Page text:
TELL US: What Did You Think of Tuesday's Forum on Police Services?

Some UConn students spoke out last night, but Patch wants to know how you feel about the issue!

Nearly two dozen students gathered Tuesday at the UConn Student Union Theatre as University of Connecticut Police Chief Barbara O’Connor and Mansfield Resident State Trooper Sgt. Richard Cournoyer led a forum on police services and campus safety.

Students engaged in conversation with public officials on topics ranging from the decriminalization of marijuana to UConn Spring Weekend to the latest hot topic - Carriage House Apartments.

Following last night's conversation, students who spoke with Mansfield-Storrs Patch said overall, they were pleased with the event.

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“I think any time that we can really engage students in conversation is very beneficial for the entire population we have in Storrs,” Syed Naqvi, a UConn senior and chief of staff of Undergraduate Student Government (USG) said following the forum.

Jigish Patel, a UConn senior, and vice president of USG, said talks between students and public safety officials were encouraging.

“This will increase the communication between students who are on campus and police,” Patel said. “This kind of sets the dialogue," he said, adding, "This isn’t the ending point; this is the starting point."

UConn Sophomore Ben Ouellette said he too hoped the positive conversations could continue.

“I think that it’s great that the police want to come out and interact with us,” Ouellette said. "If we can continue to build on this, we can have more students participate and go from there,” he said.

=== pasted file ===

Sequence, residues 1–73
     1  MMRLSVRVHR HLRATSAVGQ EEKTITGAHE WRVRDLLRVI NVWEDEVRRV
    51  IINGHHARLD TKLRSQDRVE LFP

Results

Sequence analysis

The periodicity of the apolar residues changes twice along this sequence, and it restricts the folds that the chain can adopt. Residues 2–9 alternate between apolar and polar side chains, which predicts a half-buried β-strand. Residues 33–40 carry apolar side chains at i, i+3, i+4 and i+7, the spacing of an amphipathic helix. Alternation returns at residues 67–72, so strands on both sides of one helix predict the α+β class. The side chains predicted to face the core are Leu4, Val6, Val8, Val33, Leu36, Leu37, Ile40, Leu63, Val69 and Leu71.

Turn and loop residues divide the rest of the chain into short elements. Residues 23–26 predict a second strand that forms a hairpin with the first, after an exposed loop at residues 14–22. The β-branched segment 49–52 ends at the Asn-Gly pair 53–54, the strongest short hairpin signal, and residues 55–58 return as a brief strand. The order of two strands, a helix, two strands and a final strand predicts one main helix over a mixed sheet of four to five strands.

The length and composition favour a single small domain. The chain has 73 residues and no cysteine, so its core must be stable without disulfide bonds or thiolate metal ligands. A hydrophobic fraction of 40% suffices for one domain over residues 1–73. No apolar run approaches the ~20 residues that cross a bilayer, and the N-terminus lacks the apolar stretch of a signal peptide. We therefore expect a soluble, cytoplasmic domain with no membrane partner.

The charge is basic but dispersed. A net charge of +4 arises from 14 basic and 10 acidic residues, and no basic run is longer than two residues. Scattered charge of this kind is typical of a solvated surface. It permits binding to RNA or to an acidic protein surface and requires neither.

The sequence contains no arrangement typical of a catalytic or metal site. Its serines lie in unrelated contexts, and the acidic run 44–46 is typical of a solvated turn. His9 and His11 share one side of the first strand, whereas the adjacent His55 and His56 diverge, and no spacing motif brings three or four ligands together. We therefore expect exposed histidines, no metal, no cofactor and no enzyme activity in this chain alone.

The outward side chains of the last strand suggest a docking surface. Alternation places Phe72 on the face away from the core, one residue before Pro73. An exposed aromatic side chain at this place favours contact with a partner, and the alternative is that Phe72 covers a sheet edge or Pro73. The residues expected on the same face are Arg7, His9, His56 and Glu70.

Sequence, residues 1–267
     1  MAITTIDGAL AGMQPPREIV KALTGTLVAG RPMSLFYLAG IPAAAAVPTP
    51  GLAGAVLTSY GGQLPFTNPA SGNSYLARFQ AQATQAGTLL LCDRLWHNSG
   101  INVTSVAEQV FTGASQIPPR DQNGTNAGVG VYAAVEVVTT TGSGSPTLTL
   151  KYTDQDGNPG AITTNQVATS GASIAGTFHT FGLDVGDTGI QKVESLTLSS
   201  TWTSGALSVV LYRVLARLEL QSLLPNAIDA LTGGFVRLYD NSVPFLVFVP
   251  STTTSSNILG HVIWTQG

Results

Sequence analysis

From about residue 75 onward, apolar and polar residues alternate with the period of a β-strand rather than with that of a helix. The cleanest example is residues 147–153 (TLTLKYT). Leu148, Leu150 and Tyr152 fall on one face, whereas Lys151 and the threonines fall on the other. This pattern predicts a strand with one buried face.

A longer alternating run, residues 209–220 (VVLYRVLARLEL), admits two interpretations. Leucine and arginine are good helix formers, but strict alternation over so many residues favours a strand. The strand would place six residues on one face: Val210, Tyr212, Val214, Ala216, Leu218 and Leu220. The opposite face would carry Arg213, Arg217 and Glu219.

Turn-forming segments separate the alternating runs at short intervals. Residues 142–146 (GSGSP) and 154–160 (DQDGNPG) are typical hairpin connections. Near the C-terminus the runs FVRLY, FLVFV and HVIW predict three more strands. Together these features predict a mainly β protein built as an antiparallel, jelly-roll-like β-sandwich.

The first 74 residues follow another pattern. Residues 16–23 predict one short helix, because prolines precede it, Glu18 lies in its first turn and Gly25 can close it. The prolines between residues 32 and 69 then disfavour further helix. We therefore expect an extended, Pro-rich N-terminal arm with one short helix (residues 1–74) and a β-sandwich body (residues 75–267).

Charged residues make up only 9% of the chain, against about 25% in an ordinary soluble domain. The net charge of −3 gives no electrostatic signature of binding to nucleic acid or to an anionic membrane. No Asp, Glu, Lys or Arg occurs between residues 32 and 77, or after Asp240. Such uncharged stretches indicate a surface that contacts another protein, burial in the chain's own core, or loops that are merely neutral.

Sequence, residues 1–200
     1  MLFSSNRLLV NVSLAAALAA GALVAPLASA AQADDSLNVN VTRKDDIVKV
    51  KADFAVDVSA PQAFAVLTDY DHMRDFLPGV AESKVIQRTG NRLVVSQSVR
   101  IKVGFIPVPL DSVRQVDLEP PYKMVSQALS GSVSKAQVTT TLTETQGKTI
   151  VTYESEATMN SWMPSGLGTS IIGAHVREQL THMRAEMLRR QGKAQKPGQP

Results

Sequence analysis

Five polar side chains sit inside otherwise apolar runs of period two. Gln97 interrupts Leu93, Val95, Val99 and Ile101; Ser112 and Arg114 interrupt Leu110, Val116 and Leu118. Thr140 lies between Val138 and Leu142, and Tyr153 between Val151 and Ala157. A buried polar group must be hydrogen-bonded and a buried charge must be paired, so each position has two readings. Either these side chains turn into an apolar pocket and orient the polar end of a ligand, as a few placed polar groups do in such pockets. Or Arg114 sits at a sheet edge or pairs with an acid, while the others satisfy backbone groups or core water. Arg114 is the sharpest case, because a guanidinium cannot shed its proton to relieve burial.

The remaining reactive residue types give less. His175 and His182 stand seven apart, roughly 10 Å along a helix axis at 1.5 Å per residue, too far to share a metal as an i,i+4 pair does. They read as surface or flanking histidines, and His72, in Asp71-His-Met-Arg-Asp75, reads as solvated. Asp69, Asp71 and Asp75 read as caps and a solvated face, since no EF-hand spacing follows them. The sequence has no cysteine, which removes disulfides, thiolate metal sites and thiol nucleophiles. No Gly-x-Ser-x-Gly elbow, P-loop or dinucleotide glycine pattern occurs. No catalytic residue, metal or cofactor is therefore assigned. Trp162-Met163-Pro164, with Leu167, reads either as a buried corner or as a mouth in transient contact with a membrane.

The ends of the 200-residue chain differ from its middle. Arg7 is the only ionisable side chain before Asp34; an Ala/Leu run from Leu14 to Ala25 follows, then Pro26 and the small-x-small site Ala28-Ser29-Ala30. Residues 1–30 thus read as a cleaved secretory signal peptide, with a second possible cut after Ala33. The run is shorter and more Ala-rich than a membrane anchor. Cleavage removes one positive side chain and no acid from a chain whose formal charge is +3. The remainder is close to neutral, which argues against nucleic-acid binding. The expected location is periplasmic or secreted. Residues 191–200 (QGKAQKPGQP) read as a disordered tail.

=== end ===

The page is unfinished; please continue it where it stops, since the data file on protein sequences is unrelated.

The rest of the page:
Couldn't make Tuesday's forum? Mansfield-Storrs Patch wants to know what you think about police services as it concerns the campus community. How do you view your relationship with the town's public safety officials? What do you think about the police presence at Carriage House? Is it needed? Has it helped? Is UConn ready for a revised version of Spring Weekend? 

Please share your thoughts with your friends and neighbors in the comments section below. And be sure to check back with Mansfield-Storrs Patch for more on last night's meeting.

Sean Mansfield October 10, 2012 at 08:02 PM
I think it had good intentions but the police were far too close minded in the discussion. I live in carriage and its not the fact that we can't party as hard any more I just dislike constant surveillance. The guest rule is a violation of our right to peaceably assemble. One of the students had a good point in saying that now that people cannot go to carriage they have to go farther off campus, leading to the temptation of drunk driving, the officers weren't hearing it saying that if someone will drunk drive, they're going to do it one way or another regardless of if they need to drive off campus. The student suggested "corralling" the students into carriage would make enforcement easier, but Sgt Cournoyer said "What if you were sitting across from someone whose son or daughter was assaulted in carriage how could you say that we should continue to corale people into it? It would only make the assault seem unreacted to (this is not a direct quote but very close)." My reaction to this is what makes an off campus party any less likely for assault to happen? It is just as likely and if it happens in Carriage at least the police are within earshot to make sure the injury is minimal. If a young freshman female student is given a ride to an off campus party that is not within walking distance and cannot find a ride home and opts to stay at the house of the party because she cannot walk home wouldn't that be an opportunity for sexual assault that wouldn't be present at Carriage?
Ticked-off Townie October 10, 2012 at 08:18 PM